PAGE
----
TCL has been making moves in the smartphone world and making waves at the same time. The company has released two phones this year with mixed reviews. We recently reviewed the TCL 10 Pro, which we found to be a great flagship effort from the company. The other device they released is the TCL 10L, which is targeting the budget buyer.
While some may disagree that the TCL Pro is a flagship, it’s hard to disagree that the TCL 10L is a budget phone, albeit on the higher end of the budget spectrum. There are a lot of choices out there in terms of budget smartphones and the TCL 10L is as solid of a budget smartphone as you can get. Read on for the full review of the TCL 10L!
The TCL 10L has the following features and specifications:
|Model||TCL 10L T700B|
|CPU||Qualcomm Snapdragon 665 Octa-core|
|Display||6.53-inch LCD Dotch display (1080×2340), 395ppi, 19.5:9, 91% screen-to-body ratio|
|Storage||256GB, MicroSD card support (FAT 32)|
|Rear Camera||Quad rear camera: 48MP hi-res + 8MP super wide + 2MP macro + 2MP depth|
|Connectivity||USB Type-C, Bluetooth 5.0, Wi-Fi 2.4/5GHz, NFC, 3.5mm audio jack|
|Sensors||GPS Galileo, A-GPS, Accelerometer, Gyro, Proximity, RGB Light, face unlock, in-screen fingerprint sensor, NFC, IR sensor|
|Charging||USB Type-C, Quick Charge 3.0 (9V/2A), OTG reverse charging (5V/1.5A)|
|Splash, Water, Dust Resistant||No|
|Operating System||Android 10 with TCL UI|
|Color||Mariana Blue finish: 2.5D front glass, 3D PMMA back, blue holographic film|
|Dimensions||6.38” x 2.98” x 0.33” / 162.2 x 75.6 x 8.4 mm|
|Weight||6.35oz / 180g|
What’s In The Box
- TCL 10L
- USB Type-C to USB-A cable
- Charging adapter
- TCL branded clear case
- SIM/SD card tray ejector tool
- Manual and Documentation
These days, smartphones have settled into a familiar form factor and design aesthetic across the board. While most of them have a few design elements that set them apart, generally most smartphones are two glass slabs held together by a metal bumper. This is basically what the TCL 10L is.
That’s not a bad thing because this phone, from a distance, looks like just about any other Android smartphone out there.
At the top of the TCL 10L you’ll find the 3.5mm headphone jack and one of the microphones. At the bottom of the smartphone you’ll find the USB-Type C port and speaker. Along the right side is the power button and volume rocker, both of which have nice tactile feedback. The power button is placed at just about the perfect spot as well. Along the left side is the “Smart Key,” to which you can assign different functions.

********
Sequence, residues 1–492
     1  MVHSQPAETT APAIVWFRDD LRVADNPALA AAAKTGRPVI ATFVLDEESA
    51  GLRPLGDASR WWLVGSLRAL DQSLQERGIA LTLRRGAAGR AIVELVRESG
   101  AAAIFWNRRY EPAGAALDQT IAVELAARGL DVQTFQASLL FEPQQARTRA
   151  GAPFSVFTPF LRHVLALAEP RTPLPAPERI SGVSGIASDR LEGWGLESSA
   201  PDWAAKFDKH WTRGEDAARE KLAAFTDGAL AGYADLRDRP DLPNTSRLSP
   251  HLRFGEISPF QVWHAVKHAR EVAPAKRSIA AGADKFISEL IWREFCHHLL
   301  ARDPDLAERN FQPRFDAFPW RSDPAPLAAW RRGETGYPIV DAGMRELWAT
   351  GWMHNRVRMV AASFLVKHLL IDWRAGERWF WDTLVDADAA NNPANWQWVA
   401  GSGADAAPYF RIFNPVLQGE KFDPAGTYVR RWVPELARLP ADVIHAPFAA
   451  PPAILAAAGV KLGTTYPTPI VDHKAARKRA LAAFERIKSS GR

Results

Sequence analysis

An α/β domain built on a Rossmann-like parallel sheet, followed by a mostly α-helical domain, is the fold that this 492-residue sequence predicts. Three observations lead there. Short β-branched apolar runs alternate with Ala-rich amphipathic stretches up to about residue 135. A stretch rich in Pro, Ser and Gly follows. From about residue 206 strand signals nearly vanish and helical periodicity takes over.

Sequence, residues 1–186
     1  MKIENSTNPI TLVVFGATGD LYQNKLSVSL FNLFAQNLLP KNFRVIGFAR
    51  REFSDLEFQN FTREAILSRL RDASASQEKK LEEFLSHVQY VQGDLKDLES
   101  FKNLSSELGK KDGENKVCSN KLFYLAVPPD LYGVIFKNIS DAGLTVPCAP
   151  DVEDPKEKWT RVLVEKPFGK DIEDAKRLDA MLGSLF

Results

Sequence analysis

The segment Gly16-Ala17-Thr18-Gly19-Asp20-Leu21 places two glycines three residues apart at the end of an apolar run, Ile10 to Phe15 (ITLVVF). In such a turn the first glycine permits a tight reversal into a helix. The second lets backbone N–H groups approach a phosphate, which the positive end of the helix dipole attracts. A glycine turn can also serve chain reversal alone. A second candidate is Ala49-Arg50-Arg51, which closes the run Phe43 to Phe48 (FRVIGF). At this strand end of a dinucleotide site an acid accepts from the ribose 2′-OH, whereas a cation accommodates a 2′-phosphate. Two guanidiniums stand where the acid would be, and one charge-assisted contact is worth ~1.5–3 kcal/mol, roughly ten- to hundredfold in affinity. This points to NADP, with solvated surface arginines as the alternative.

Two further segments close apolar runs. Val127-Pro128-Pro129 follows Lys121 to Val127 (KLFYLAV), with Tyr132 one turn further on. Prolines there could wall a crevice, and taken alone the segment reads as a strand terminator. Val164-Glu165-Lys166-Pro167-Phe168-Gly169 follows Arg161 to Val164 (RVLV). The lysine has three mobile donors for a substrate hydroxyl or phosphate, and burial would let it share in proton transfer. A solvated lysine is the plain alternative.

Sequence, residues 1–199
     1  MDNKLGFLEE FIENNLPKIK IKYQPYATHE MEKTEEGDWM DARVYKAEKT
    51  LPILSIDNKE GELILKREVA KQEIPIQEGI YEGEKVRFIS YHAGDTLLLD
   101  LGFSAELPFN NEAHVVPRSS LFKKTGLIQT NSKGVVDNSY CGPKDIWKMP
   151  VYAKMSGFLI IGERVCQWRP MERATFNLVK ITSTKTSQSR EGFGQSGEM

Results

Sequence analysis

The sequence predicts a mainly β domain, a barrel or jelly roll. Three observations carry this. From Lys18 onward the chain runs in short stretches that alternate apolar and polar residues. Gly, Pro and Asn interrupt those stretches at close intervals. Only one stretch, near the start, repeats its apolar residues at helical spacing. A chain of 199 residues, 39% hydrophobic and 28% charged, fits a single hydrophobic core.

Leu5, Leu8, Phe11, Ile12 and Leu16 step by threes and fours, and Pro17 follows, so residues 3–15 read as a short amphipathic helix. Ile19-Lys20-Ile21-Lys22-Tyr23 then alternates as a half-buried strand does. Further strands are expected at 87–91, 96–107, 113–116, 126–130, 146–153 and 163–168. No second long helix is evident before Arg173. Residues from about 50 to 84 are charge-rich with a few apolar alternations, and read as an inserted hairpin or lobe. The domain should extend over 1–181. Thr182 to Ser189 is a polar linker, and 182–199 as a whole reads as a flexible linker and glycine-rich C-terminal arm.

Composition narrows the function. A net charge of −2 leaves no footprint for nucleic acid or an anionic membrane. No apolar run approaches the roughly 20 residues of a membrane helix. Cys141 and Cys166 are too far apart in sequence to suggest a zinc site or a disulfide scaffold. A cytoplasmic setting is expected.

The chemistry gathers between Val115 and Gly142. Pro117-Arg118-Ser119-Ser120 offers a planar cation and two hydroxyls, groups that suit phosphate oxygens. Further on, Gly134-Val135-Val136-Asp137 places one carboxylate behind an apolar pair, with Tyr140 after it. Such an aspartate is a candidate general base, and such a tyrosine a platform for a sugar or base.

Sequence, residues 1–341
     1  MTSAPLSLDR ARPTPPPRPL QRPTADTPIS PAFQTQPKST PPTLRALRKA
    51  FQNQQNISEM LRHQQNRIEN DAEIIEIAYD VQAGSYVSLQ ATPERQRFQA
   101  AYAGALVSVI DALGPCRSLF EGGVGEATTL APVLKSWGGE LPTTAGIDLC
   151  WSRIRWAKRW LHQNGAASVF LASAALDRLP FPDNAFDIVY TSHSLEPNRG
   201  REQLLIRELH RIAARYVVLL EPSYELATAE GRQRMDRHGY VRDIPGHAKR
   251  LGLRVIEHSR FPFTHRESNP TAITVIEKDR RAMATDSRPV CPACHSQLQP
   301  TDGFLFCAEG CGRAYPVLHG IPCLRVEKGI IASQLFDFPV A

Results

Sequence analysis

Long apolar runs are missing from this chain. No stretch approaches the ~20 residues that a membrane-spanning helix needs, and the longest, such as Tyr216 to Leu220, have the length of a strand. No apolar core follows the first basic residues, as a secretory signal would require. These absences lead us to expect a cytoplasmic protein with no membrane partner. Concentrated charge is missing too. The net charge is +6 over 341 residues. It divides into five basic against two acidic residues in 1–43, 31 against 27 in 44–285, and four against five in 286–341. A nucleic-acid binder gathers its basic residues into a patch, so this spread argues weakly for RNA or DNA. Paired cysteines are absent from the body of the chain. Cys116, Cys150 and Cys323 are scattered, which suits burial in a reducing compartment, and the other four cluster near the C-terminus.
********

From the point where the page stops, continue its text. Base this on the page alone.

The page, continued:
The Smart Key can be used with a single press, double press, and long press. Each press can be assigned a different function from turning on the camera to launching Google Assistant. There is plenty of customization ability.
Around the back of the TCL 10L you’ll encounter the quad camera array along with dual LED flash. I found the flash setup interesting as there are two flashes situated on the left and right of the camera array and not set together. The fingerprint sensor is also on the back along with the TCL branding.
Around the front is a very nice LCD display with slim bezels at the top, right, and left with the bottom bezel being slightly thicker. The TCL 10L also comes with a clear case that is boisterously branded with their slogan. The case itself is fine, it’s a TPU case and offers minimal protection, but the branding is obnoxious. For added protection, the 10L also has a pre-applied screen protector.
Overall, the design is nice. It’s not mind blowing or cutting edge, but it follows the current idea of how a smartphone should look and feel. I’m still not a fan of the included case, but that’s really not a deal breaker.
Before we dive into the display, keep in mind that this is a budget phone, and we’re obviously not going to get the same display you’ll see on higher-end phones. That being said, the TCL 10L offers one of the best displays for a smartphone in its price category.
I’ll start with my one con of this display, and that is the brightness. Again, this is a budget phone so we’re not going to see the same performance we would from a flagship. The brightness on the TCL 10L is just okay. It’s not the best I’ve used and I felt it could be a tad brighter. This was especially needed in very bright conditions where the display was harder to make out.
Aside from the display not having the brightness I prefer, the overall experience here is good. Colors pop, blacks are deep enough, and the whites don’t look like yellow. Text is crisp and gestures like pinch-to-zoom and scrolling all worked flawlessly. The TCL 10 Pro display is most certainly much better than this display and the NXTVision tech doesn’t really add much value here.
What I did find interesting is that the TCL 10L display is slightly larger than that of its big brother the TCL 10 Pro. It’s not that big of a difference but it is worth noting. The punch hole camera didn’t bother me at all but I know some people have an aversion to punch holes and notches. Those don’t matter to me, so it was not an issue.